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Minerva Medica 2003 June;94(3):181-6

language: English

Fetal thymic medulla functional alterations in Down's syndrome

Papadopoulos N., Simopoulos C., Venizelos J., Kotini A., Skaphida P., Tamiolakis D.


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Aim. Although the thymus is usually considered a specifically T cell organ, occasional mature B lymphocytes, B cell germinal centres and rarely plasma cells can be found in this organ, particularly in children. Ultrastructural studies have shown that these lie outside the epithelial enclosure and within the perivascular spaces of the medulla, the corticomedullary junction and septa, and this has led to a concept of 2 functional compartments of the thymus, namely an intraepithelial compartment and an extraepithelial (perivascular) compartment. These cells do not originate from the thymus but enter the organ via the bloodstream, at the 16th week of gestation. Our study points towards possible alterations in the functional histology of this lymphoid organ associated with immunization.
Methods. A quantitative comparison of B lymphocytes in the thymic medulla in embryos after involuntary abortion during the 1st and 2nd trimester of gestation and embryos with Down's syndrome, respectively, was performed.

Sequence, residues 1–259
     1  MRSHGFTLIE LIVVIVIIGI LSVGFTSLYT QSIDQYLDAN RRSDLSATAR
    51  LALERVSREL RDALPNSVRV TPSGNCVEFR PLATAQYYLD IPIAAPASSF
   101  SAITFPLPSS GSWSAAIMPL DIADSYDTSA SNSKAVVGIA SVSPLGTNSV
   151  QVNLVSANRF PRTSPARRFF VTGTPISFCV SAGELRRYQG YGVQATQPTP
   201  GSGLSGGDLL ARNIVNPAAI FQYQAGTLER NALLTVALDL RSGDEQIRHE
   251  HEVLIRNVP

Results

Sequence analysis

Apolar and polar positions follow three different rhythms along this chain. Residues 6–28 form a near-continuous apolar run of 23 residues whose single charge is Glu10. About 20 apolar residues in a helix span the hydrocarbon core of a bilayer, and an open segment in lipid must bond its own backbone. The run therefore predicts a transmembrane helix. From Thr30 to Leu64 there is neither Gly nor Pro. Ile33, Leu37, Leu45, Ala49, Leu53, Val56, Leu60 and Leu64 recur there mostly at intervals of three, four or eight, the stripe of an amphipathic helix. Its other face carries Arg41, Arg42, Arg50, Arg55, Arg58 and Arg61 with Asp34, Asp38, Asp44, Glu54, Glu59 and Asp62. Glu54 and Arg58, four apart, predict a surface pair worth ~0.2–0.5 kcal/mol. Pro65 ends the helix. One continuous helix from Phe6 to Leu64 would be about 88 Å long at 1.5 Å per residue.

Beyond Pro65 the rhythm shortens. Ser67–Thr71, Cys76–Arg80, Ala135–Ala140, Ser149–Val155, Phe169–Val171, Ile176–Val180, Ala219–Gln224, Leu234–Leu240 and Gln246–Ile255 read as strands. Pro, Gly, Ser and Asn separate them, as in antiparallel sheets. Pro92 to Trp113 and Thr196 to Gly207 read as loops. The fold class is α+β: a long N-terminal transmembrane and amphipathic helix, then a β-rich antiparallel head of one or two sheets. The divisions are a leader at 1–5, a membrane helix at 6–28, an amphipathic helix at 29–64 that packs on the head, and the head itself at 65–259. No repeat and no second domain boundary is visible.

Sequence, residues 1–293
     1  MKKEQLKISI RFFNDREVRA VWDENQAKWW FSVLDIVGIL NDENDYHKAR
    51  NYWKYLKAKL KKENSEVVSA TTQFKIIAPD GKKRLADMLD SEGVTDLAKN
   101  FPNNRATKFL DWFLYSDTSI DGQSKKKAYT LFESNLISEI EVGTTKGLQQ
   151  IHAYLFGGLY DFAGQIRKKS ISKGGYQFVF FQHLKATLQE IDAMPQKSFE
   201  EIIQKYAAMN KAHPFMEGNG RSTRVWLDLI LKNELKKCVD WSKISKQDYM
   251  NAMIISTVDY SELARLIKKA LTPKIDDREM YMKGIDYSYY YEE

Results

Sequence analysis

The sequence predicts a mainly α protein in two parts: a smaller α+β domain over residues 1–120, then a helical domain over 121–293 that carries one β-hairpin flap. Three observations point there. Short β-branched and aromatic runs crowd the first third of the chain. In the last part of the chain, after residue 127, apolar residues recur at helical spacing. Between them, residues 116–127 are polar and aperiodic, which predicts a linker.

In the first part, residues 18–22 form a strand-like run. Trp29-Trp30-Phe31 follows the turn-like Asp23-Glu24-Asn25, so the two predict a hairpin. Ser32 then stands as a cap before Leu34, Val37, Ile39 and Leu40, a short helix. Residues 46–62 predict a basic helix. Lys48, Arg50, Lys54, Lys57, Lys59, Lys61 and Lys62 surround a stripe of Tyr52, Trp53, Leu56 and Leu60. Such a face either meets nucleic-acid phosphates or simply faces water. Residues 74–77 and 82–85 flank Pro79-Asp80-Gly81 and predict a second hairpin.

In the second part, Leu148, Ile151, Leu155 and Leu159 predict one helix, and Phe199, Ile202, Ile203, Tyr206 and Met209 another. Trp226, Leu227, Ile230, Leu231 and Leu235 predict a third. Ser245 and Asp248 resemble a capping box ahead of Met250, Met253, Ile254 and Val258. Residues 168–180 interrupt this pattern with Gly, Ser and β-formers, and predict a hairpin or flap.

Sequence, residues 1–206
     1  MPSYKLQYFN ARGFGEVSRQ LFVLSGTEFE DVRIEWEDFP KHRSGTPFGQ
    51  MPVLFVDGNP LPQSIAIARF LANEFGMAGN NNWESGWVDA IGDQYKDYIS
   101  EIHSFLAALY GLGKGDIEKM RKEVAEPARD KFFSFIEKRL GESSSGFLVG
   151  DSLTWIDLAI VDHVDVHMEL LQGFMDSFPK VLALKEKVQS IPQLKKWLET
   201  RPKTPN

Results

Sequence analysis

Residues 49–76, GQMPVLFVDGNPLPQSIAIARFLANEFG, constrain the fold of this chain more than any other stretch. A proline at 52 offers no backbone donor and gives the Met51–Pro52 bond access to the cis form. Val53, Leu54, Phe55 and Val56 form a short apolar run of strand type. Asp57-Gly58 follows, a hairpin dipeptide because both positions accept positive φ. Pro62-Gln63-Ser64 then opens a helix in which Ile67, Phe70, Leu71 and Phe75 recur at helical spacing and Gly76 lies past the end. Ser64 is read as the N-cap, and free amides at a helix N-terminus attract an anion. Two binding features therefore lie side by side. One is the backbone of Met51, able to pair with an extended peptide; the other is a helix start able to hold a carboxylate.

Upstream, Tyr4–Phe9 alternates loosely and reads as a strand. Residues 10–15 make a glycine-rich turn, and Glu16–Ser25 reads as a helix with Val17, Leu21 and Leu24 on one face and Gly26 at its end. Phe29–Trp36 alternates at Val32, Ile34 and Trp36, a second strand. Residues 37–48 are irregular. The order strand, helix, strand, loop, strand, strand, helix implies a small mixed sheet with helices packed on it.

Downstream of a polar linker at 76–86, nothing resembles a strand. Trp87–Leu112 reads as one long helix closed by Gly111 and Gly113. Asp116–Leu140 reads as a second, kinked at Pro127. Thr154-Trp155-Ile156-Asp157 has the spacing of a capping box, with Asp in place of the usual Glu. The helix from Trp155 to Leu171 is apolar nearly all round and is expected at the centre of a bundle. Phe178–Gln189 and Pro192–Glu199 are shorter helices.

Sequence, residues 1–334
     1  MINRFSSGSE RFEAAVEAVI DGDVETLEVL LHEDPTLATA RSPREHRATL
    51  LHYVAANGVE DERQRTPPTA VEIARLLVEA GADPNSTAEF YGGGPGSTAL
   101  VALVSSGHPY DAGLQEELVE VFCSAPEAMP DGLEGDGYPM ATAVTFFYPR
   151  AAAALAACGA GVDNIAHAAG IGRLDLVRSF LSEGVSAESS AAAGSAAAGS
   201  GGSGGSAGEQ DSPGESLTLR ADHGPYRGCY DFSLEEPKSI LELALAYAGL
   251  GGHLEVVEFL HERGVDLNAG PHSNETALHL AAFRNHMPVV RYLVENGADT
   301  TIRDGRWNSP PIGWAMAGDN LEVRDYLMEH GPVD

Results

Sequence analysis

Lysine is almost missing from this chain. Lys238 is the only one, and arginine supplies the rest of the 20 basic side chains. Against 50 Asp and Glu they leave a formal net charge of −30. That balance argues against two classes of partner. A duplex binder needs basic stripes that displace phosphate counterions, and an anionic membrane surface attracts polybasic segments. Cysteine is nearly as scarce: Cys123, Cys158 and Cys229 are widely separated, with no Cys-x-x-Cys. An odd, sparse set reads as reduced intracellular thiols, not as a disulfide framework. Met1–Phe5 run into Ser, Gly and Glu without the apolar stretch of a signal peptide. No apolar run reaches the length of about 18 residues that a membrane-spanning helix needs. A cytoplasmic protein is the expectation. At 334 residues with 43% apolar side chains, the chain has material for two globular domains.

Results. Our results showed: 1) A statistically significant difference in the number of B cells together with infrequent primary follicles in the cases of embryos with Down's syndrome over those after voluntary abortion, during the 20th week of gestation (p=0.013). 2) No statistically significant difference in the number of B cells in both categories during the 1st trimester of gestation (p=0.34) and the 24th week of gestation (p=0.14).
Conclusion. The occurrence of increased number of B cells along with primary follicles in the cases with Down's syndrome, in the 2nd trimester of gestation imply that the thymic medulla - at least part of it - works and behaves as a peripheral lymphoid organ receiving mature lymphocytes, and turning them from inactive to immunoefficient cells, in the affected fetuses.

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